Andrew Peele:

One of the big things that pushes what we do in the Centre is our close collaboration with biochemistry here at La Trobe and their interest in a number of systems, one of which is malaria, which I think we've probably heard about in a previous podcast. We're wanting to look inside the structure of the cells, seeing how the parasite evolves in the cell and the various shapes and forms that it takes. Looking down on a slightly smaller scale, we're also working slightly longer-term with people looking at mitochondria, which are the power plants within the cells, and looking at the structures that are related to those as well.

So, for us, it's all from the physics side. It's all about the imaging and the structures and looking at those features and for the biologist that's saying, 'once you've got those pictures for us, how come we interpret that in terms of function of the cell?'

Matt de Neef:

As you touched on there, you were actually in a podcast about this time last year with Leann Tilley from biochemistry here at La Trobe. Can you give us a bit of an update about where the project is at now and where you've come in the last year?

Andrew Peele:

Within my group, we've done an awful lot on building the equipment that will let us do this work. And we've done lots of work with much easier systems in malaria that don't fall apart when you zap them with too much of an x-ray beam and so on and showing how the technique works.

Now, to make it work for malaria - which is a bit more fragile and prone to radiation damage - we need to have very specialized equipment to hold it, to rotate it, to keep it stable and ultimately, actually, to put cooling effect, freezing onto the sample because when you can do that, you can delay the onset of damage from the radiation a bit longer.

So, we've gone a long way towards making all of that equipment. In fact, we're just about to go on another run in December for two weeks, where we will be testing how we can do those rotations of really small devices mounted in very tiny capillary tips and so on and line the x-rays up with those and take a tomographic series.

Matt de Neef:

Is that a problem you run across a lot, the samples that you're testing do disintegrate under x-rays?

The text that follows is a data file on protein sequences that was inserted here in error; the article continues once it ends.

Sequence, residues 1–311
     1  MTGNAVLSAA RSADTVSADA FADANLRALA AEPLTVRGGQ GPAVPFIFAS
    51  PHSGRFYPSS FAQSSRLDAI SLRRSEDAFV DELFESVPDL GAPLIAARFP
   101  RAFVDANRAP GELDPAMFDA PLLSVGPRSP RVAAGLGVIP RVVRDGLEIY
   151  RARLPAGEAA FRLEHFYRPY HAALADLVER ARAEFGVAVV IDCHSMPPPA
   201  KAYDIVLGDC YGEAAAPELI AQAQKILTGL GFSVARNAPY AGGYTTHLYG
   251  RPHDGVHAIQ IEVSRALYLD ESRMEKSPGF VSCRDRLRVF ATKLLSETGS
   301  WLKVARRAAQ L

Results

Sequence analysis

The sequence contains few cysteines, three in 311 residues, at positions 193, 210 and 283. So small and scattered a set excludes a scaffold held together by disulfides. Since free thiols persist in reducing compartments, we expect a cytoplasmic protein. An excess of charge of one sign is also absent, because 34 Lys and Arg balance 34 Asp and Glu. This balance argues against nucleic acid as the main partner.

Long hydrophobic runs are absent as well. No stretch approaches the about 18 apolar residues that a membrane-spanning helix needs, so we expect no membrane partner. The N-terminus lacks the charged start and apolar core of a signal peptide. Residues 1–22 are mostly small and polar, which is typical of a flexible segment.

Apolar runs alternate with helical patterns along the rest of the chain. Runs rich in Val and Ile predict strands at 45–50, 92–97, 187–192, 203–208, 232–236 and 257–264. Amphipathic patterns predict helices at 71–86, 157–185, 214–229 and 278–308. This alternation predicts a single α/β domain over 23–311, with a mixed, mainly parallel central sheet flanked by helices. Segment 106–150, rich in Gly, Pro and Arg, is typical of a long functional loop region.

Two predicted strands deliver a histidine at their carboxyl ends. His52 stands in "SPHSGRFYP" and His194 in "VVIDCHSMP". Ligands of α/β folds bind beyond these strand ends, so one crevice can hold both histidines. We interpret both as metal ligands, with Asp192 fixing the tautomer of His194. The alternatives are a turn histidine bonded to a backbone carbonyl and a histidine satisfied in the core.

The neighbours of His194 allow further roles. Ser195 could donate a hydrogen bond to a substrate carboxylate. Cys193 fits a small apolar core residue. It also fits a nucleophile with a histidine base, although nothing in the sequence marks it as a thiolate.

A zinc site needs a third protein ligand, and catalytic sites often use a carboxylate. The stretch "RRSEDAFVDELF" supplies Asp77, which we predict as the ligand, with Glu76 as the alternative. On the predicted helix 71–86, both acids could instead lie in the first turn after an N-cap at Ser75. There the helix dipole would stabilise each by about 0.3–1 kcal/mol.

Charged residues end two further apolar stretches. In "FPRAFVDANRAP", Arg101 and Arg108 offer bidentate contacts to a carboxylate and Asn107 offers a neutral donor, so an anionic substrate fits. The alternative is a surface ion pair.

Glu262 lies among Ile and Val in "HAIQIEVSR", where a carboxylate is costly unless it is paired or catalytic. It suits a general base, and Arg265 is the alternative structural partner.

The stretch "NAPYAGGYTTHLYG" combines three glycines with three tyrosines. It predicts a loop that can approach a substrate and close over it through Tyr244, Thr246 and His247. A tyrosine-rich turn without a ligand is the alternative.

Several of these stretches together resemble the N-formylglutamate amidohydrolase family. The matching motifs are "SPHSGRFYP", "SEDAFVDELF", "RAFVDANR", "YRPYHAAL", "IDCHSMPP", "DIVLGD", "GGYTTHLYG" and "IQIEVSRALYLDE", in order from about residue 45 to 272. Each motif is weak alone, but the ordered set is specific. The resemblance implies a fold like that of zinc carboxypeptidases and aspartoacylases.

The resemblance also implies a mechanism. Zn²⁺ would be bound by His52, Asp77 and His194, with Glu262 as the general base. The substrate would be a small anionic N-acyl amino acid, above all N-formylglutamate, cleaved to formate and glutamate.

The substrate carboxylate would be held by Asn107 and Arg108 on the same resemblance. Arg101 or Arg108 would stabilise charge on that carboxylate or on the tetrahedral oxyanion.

Andrew Peele:

It's the perennial problem for really small devices, really small objects, particularly biological things. The dose that you have to put on of x-rays in order to get the image is the same sort as those that damage them and break them down. So, if you look at them too long, you can end up with a blob.

Matt de Neef:

The Centre's website talks about an experimental laser research laboratory, where you're able to simulate x-rays using visible sources. Besides the fact that you can't see x-rays, how different are lasers from x-rays? And by using lasers to simulate x-rays, are you able to get around some of the problem of samples disintegrating, for example?

Andrew Peele:

That's actually a really good question. In terms of visible lasers, one big difference is that the wavelength of the light is about 1000 times longer. So, the way they scatter, the way they interact with things is quite different. The other property that I talked about earlier, which is coherence, is actually the hallmark of a laser. A laser beam is actually coherent, which means that the light is, to put it into general terms, is well behaved. With the light coming out of the laser, you can predict from when it's coming out to what it's going to be doing quite a long time later or quite a big distance away.

With x-rays, your typical sources are much less coherent. So, the way the waves propagate, the way the direction of those waves take, the wavelength for those waves, you slightly randomize. And that gives you slightly different pictures each time when you're probing the same sample with them.